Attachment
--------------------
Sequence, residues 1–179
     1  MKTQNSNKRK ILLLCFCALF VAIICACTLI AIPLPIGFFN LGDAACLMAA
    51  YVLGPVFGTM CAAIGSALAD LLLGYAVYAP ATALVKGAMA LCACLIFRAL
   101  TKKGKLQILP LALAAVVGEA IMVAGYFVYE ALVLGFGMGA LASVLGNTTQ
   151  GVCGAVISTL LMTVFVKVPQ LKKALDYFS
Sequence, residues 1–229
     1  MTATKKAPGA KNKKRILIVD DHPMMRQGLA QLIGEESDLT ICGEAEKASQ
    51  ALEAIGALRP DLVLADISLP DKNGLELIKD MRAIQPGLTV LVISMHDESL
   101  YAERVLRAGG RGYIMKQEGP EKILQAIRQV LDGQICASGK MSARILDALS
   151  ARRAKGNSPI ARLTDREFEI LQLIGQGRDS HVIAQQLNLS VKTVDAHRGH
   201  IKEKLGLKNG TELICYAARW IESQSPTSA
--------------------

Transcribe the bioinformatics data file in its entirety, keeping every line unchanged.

Sequence, residues 1–179
     1  MKTQNSNKRK ILLLCFCALF VAIICACTLI AIPLPIGFFN LGDAACLMAA
    51  YVLGPVFGTM CAAIGSALAD LLLGYAVYAP ATALVKGAMA LCACLIFRAL
   101  TKKGKLQILP LALAAVVGEA IMVAGYFVYE ALVLGFGMGA LASVLGNTTQ
   151  GVCGAVISTL LMTVFVKVPQ LKKALDYFS
Sequence, residues 1–229
     1  MTATKKAPGA KNKKRILIVD DHPMMRQGLA QLIGEESDLT ICGEAEKASQ
    51  ALEAIGALRP DLVLADISLP DKNGLELIKD MRAIQPGLTV LVISMHDESL
   101  YAERVLRAGG RGYIMKQEGP EKILQAIRQV LDGQICASGK MSARILDALS
   151  ARRAKGNSPI ARLTDREFEI LQLIGQGRDS HVIAQQLNLS VKTVDAHRGH
   201  IKEKLGLKNG TELICYAARW IESQSPTSA